MCTSSA provides warriors tactical edge
Marine Corps News
Story Identification #: 2005413153627
Story by Lance Cpl. Aaron P. Mankin
CAMP FALLUJAH, Iraq (April 13, 2005) -- Paul Revere's signal of, "One if by land, two if by sea," was one of the most effective methods of military communication available in 1775. Military communications relied largely on messengers on foot or horseback. Attempts of finding new ways to send information faster than a person could travel were always welcomed.
Since World War II, developments to speed up communication have rapidly continued. In the Korean War, walkie-talkies put infantry platoons in constant contact with their commands. Since the 1960s, satellites have allowed instantaneous communication with remote parts of the world. In recent history, navigation satellites allow small units to pinpoint positions within a few yards.
Part of the newest communication technologies available to the battlefield here are the responsibility of the Marine Corps Tactical Systems Support Activity deployment team.
“We bring technical expertise to the war fighter to make them as effective as possible in battle,” said Maj. William J. Conner, officer in charge, MCTSSA deployment team and Tulsa, Okla., native.
With the support MCTSSA is providing, Marines are capable of communicating in combat like never before. One of the tools making this possible is the data automated communications terminal. The DACT is a tactical data entry device used as a mounted or dismounted unit.
According to Conner, the DACT will receive, process, store and display information derived from preformatted messages. The DACT provides the capability to transmit and receive digital maps and overlays, both friend and enemy unit positions, location reports and free text messages via tactical radio networks.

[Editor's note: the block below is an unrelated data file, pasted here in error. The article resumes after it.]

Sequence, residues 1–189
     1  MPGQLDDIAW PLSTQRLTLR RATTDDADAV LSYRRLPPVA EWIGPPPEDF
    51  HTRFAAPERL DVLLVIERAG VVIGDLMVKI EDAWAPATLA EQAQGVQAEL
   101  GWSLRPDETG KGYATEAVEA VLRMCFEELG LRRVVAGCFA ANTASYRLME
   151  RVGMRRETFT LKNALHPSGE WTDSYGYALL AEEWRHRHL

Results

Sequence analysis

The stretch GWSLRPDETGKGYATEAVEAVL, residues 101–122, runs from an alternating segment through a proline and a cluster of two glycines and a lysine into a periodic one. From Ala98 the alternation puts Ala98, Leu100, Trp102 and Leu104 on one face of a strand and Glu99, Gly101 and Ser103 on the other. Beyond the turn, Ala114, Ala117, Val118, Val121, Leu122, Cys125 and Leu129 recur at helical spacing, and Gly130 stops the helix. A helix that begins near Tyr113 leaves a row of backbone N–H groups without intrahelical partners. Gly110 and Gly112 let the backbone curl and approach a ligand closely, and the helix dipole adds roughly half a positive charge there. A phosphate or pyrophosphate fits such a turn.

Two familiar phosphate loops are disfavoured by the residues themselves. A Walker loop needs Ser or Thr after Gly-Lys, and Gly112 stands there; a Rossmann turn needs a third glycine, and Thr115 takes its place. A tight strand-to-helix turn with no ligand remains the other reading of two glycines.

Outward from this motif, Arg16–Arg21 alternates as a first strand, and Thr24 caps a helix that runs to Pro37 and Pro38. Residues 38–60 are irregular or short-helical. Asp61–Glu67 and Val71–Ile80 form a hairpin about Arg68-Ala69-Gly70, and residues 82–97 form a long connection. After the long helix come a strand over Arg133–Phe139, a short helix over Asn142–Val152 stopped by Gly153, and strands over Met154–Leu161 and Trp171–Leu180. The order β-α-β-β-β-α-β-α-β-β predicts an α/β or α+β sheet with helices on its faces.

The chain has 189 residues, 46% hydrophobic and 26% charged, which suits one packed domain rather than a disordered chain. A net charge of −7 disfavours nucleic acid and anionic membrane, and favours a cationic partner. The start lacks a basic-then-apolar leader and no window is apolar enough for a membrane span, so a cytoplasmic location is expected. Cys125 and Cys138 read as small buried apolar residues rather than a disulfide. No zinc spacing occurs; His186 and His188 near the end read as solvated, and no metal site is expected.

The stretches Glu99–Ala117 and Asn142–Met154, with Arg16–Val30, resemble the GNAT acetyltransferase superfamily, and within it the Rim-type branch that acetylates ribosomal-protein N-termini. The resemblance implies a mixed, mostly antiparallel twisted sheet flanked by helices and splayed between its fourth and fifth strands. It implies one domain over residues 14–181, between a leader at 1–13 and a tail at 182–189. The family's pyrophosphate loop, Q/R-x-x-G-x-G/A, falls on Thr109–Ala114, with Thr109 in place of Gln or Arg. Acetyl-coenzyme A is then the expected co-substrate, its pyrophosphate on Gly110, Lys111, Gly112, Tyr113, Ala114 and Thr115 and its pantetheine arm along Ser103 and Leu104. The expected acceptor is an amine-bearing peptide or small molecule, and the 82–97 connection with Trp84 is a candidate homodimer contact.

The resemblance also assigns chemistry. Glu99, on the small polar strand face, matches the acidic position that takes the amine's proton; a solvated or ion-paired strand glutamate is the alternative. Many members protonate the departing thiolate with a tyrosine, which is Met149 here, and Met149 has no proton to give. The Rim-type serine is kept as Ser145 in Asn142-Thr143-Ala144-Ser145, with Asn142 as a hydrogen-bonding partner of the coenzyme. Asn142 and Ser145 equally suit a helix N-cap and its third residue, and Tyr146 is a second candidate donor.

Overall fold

Those networks are provided by the enhanced position location reporting system which acts as a secure wireless internet over radio frequencies.
“With the systems we have in place we can actually see on screen what unit is located where within our network,” said Conner. “We can even pinpoint past locations of IEDs [Improvised Explosive Devices.]”
The EPLRS provides units with global position location information and a dedicated data communications network. The primary purpose is to provide the digital backbone radio frequency communications to support connectivity of tactical data networks, said Conner.
“It’s important for commands to be able to tell where their troops are located at any given time,” explained Staff Sgt. Daniel E. McIntire, data chief, MCTSSA deployment team and Snover, Mich., native. “We give them the ability to send instant messages and streaming video through a secure network.”
The overall purpose of these new technologies is to support the troops outside the wire.
“This system is much better than just using radios,” said Cpl. Michael A. Ortiz, data noncommissioned officer, Combat Logistics Brigade-8, II Marine Expeditionary Force (Forward) and Orlando, Fla., native. “We can get information back faster and get the support we need.”
Military communications have entered an age unlike anything seen before. MCTSSA is here to ensure the Marine Corps continues to utilize the technology.
“We fall directly under Marine Corps Systems Command,” said Conner. “We are here for the entire Marine Corps.”
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